Oxford Nanopore to Supply U.K. with 450K LamPORE COVID-19 Tests

Oxford Nanopore to Supply U.K. with 450K LamPORE COVID-19 Tests
Human coronavirus. Computer artwork of a Human coronavirus particle. Coronaviruses primarily infect the upper respiratory and gastrointestinal tract and can cause the common cold, gastrointestinal infections and SARS (severe acute respiratory syndrome

Oxford Nanopore Technologies (ONT), the sequencing company known for making small and portable nanopore-based sequencing platforms, announced a rollout of their new COVID-19 test called LamPORE. LamPORE is the first assay developed by Oxford Nanopore for diagnostic use.

Under an agreement with the U.K.’s Department of Health and Social Care, an initial 450k LamPORE SARS-CoV-2 tests will be made available for use by a number of NHS testing laboratories. In addition to providing a large number of tests for existing labs, the program will help the U.K. to understand the different use cases for the technology, for example, the potential asymptomatic screening of frontline staff.

“We are honored to be playing a part in fighting COVID-19 in the U.K., and preparing the country for the winter virus season,” noted Gordon Sanghera, CEO of ONT. “LamPORE has the potential to deliver a highly effective and, crucially, accessible global testing solution,” he continued. “Not only for COVID-19 but for a range of other pathogens.”

LamPORE uses Oxford Nanopore’s sequencing technology to precisely identify amplified sections of the SARS-CoV-2 virus, after it has been targeted and amplified using RT-LAMP. This method of detection can differentiate between actual SARS-CoV2 presence and errors that can occur during amplification, which can be a source of “false positive” results.

LamPORE is designed to test both saliva and swab RNA samples, and yield results in under two hours from people who have symptoms or are asymptomatic. The test includes an internal control, allowing the user to identify that a test is invalid if the sample has not been gathered effectively, which can be a source of “false negative” results.

The LamPORE assay is performed on ONT’s devices, which are highly affordable and capable of performing thousands of tests per day, per device. Specifically, ONT’s desktop device (GridION) or palm-sized device (MinION Mk1C) can provide the capacity of processing up to 15,000 samples a day or 2,000 samples a day respectively.  It is well suited to use in a central laboratory for high-throughput sample processing, or near-community “pop-up labs.” The approach of having testing centers available in more locations combined with this speed supports rapid turnaround of results.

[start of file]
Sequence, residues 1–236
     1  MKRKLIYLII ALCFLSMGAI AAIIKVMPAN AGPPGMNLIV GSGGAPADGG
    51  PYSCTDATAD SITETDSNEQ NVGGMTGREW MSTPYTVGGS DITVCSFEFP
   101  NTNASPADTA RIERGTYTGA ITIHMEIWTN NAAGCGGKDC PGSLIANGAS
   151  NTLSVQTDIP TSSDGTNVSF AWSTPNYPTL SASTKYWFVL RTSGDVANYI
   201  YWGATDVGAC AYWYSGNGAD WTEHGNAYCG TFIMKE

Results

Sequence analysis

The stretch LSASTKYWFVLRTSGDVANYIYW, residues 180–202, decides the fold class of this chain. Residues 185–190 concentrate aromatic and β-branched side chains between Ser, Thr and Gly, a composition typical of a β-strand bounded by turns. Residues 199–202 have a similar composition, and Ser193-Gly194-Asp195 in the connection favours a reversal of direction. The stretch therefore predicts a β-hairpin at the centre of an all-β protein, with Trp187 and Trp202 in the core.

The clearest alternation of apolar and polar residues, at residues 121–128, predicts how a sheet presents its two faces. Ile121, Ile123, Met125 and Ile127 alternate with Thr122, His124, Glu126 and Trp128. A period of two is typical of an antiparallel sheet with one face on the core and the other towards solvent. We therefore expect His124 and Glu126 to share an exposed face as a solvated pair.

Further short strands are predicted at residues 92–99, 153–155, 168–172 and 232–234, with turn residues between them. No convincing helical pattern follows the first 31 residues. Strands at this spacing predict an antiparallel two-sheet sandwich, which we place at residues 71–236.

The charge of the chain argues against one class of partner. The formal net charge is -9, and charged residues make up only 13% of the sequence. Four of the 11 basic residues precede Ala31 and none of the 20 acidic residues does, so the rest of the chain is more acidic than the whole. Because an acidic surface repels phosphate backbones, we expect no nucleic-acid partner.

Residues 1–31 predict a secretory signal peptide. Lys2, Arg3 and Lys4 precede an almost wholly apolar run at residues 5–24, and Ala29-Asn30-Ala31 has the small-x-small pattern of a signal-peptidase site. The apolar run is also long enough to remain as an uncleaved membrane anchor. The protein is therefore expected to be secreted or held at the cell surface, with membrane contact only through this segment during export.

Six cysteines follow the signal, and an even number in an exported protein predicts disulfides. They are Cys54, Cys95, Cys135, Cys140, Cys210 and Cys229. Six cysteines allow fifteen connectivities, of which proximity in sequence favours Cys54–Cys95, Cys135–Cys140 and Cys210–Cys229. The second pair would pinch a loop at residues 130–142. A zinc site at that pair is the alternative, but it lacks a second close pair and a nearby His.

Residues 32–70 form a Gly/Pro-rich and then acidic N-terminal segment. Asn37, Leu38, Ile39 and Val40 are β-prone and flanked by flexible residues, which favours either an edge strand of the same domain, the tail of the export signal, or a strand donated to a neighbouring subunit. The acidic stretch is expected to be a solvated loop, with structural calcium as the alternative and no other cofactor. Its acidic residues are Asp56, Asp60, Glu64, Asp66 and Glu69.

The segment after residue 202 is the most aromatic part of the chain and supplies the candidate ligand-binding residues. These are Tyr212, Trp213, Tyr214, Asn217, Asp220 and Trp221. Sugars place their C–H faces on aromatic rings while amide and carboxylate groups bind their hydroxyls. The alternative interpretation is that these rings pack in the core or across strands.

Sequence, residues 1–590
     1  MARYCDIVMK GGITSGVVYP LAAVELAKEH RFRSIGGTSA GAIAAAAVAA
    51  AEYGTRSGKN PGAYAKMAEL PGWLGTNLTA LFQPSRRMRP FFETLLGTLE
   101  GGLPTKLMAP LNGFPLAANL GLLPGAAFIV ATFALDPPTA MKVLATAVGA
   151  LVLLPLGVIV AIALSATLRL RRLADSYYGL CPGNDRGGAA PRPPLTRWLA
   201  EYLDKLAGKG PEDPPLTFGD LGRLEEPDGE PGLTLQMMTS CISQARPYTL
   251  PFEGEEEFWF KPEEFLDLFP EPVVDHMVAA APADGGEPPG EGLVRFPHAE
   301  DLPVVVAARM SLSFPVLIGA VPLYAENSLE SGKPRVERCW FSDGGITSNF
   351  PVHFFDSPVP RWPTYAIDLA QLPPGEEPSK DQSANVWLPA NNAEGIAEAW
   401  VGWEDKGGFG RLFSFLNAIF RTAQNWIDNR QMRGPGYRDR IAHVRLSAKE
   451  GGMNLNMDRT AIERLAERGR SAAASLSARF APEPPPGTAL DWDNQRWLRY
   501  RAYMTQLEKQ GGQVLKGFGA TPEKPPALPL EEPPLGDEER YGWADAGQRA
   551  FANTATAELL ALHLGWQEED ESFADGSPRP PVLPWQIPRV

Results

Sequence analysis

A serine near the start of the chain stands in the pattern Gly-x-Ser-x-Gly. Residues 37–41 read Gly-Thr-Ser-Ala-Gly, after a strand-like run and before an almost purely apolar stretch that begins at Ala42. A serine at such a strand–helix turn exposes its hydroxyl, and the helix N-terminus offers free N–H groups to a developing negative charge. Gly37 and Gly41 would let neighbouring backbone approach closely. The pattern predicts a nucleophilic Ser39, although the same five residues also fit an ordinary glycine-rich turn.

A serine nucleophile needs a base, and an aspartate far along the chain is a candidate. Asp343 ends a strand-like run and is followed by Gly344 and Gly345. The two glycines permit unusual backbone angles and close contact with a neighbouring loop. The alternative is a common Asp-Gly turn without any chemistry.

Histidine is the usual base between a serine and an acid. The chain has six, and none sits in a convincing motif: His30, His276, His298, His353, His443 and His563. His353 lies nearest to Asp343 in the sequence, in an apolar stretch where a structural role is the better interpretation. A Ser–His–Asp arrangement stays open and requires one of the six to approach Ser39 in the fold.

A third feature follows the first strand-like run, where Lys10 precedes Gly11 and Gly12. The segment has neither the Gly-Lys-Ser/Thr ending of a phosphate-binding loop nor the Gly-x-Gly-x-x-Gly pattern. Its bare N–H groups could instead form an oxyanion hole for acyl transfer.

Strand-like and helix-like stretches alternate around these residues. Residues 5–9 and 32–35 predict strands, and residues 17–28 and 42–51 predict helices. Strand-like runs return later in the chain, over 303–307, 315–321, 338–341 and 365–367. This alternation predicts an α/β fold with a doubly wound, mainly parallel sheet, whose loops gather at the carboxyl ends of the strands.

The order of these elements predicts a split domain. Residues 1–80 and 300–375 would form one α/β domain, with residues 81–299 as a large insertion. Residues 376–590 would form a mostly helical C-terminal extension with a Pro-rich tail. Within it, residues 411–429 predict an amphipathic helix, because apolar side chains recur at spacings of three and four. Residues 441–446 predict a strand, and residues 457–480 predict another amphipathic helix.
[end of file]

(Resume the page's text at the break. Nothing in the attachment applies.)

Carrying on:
In addition to a test for SARS-CoV-2, Oxford Nanopore is currently developing LamPORE to test for multiple pathogens within a single sample, including influenza A (H1N1 and H3N2), influenza B, respiratory syncytial virus (RSV), and SARS-CoV-2. This is intended to allow healthcare professionals to distinguish between these infections, better manage expected winter pressures on the NHS, and guide public health and clinical management of these diseases at a time of traditionally heightened pressure on health services. It also supports a goal of understanding the dynamics between these viruses in the U.K. population.

Because of its scalability, LamPORE may benefit both large-scale screening for broader populations, for example, screening of frontline workforces, at the point of congregation such as airports, in care homes and schools, etc. Furthermore, as LamPORE does not rely on the same components used in existing RT-PCR tests, it offers the potential to ease pressure on current supply chains and expand testing access.

“Oxford Nanopore’s new rapid LampPORE tests will benefit thousands of people with fast and accurate test results, removing uncertainty and breaking chains of transmission quickly and safely,” noted Matt Hancock, Secretary of State for Health and Social Care. “I am hugely grateful for the fantastic work Oxford Nanopore has done to push forward this important innovation in coronavirus testing.”